Tuesday, September 13, 2016

Do You Use Non-Compete Agreements? Take Note of this New Law

Last month, Governor Bruce Rauner signed into law the Freedom to Work Act. The law makes it illegal for an employer to enter into a non-compete agreement with a low-wage employee. It defines low-wage employee to be any employee making either minimum wage or less than $13 an hour. 

The law defines a non-compete agreement to be any agreement prohibiting an employee from working:

1. for another employer for a specified period of time;

2. in a specified geographic area; or

3. for another employer who does similar work to that done by the employee’s current employer.

The law takes effect on January 1, 2017, and only applies to non-compete agreements entered after that date. 

Non-compete agreements have come under fire recently. A 2013 Illinois appellate court decision criticized employer use of non-compete agreements and made them more difficult to enforce. The White House recently commissioned a study of non-compete agreements that criticized the way in which they are often used.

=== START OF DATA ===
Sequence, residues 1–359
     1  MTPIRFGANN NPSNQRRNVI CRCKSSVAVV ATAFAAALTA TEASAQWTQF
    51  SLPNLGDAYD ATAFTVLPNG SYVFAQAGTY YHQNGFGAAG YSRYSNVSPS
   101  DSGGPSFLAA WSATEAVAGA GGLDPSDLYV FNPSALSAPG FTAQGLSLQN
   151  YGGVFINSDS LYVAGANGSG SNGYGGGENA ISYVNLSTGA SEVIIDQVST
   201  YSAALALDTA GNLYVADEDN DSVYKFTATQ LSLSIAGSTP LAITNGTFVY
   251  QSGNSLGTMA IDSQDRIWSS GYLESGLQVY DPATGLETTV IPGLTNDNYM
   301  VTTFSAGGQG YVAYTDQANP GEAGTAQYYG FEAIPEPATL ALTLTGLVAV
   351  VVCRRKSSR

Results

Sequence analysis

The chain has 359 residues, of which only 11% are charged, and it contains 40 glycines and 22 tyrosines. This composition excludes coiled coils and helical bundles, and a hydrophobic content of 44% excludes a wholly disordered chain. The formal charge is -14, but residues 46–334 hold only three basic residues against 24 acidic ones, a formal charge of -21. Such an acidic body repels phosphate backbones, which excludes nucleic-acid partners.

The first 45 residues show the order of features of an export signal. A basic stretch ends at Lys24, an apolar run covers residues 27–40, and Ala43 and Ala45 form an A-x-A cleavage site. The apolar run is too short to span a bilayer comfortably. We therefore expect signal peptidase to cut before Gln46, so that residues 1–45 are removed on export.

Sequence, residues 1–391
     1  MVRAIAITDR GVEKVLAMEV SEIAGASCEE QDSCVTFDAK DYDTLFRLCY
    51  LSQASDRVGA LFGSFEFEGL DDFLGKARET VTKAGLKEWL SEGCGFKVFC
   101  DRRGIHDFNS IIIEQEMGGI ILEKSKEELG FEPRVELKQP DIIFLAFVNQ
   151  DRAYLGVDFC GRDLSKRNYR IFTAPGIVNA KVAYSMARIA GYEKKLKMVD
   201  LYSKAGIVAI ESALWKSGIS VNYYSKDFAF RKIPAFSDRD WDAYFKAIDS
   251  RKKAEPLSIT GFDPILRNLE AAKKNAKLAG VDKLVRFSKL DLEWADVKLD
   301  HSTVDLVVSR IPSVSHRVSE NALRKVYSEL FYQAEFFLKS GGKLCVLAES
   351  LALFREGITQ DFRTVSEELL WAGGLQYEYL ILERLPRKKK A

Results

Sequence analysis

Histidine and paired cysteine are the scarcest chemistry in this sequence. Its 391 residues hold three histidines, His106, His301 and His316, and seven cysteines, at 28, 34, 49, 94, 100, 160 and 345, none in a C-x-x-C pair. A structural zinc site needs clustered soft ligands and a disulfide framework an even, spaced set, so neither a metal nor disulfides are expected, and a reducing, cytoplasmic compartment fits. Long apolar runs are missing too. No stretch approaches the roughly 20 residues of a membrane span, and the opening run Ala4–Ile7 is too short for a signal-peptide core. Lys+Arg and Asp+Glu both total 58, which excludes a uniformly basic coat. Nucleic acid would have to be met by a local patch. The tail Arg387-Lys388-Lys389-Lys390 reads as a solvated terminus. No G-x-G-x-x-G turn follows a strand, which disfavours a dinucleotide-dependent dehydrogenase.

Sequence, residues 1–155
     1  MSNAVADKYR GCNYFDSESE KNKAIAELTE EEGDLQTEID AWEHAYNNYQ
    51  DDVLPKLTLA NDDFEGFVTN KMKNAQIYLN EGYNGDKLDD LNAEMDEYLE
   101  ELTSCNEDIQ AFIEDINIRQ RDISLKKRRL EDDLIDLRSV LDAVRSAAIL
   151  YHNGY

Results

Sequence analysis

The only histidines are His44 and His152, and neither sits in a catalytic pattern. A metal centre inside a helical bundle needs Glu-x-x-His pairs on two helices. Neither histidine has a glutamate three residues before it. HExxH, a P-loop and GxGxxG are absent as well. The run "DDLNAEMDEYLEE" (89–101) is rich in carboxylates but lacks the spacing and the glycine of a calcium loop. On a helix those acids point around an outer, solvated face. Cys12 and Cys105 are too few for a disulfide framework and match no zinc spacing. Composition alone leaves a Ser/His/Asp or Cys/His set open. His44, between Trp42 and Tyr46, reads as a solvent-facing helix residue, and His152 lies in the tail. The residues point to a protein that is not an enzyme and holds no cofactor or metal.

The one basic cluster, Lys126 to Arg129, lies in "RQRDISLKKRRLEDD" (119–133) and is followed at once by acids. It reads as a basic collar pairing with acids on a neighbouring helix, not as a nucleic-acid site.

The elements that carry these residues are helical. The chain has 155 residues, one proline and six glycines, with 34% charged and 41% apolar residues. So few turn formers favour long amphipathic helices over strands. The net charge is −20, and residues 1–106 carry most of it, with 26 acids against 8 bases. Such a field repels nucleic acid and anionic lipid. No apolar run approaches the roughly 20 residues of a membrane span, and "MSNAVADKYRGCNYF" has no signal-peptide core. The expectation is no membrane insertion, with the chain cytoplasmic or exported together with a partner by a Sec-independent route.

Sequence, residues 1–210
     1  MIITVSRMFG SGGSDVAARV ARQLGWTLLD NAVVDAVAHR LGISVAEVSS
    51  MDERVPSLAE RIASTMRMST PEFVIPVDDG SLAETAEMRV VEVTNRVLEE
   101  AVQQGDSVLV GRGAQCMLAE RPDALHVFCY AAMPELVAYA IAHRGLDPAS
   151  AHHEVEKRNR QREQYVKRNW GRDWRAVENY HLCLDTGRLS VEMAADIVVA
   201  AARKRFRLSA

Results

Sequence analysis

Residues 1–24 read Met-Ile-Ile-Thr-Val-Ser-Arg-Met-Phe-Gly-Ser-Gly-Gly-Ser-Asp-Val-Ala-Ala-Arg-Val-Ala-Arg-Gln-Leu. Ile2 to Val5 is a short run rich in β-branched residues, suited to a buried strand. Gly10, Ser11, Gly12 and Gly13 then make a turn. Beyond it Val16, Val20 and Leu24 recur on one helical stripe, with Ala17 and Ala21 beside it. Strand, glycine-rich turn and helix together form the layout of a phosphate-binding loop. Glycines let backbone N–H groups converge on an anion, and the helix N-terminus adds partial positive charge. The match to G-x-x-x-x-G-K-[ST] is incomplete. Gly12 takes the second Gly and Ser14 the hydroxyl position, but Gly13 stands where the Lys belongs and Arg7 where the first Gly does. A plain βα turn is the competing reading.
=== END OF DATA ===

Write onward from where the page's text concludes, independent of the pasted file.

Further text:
As we have reported, certain employers require all of their employees to enter non-compete agreements, even if the employees only make sandwiches. Such a practice, which has been disfavored by courts, could now be illegal. It is likely that employers who require all of their employees to enter into non-compete agreements do not seek to enforce these agreements, but seek to use them as a disincentive to employees leaving. Doing this is illegal, and could subject employers to punitive damages.  

While employers should not require all employees to enter into non-compete agreements, there is no question that these agreements are vitally important in regards to certain employees. Courts in Illinois disfavor non-compete agreements, so they must be drafted in a way that a court will not invalidate. Employers probably should consult an attorney before entering into a non-compete agreement. Contact me (mdicianni@ancelglink.com; 312.604.9125) if you have questions about your non-compete agreements.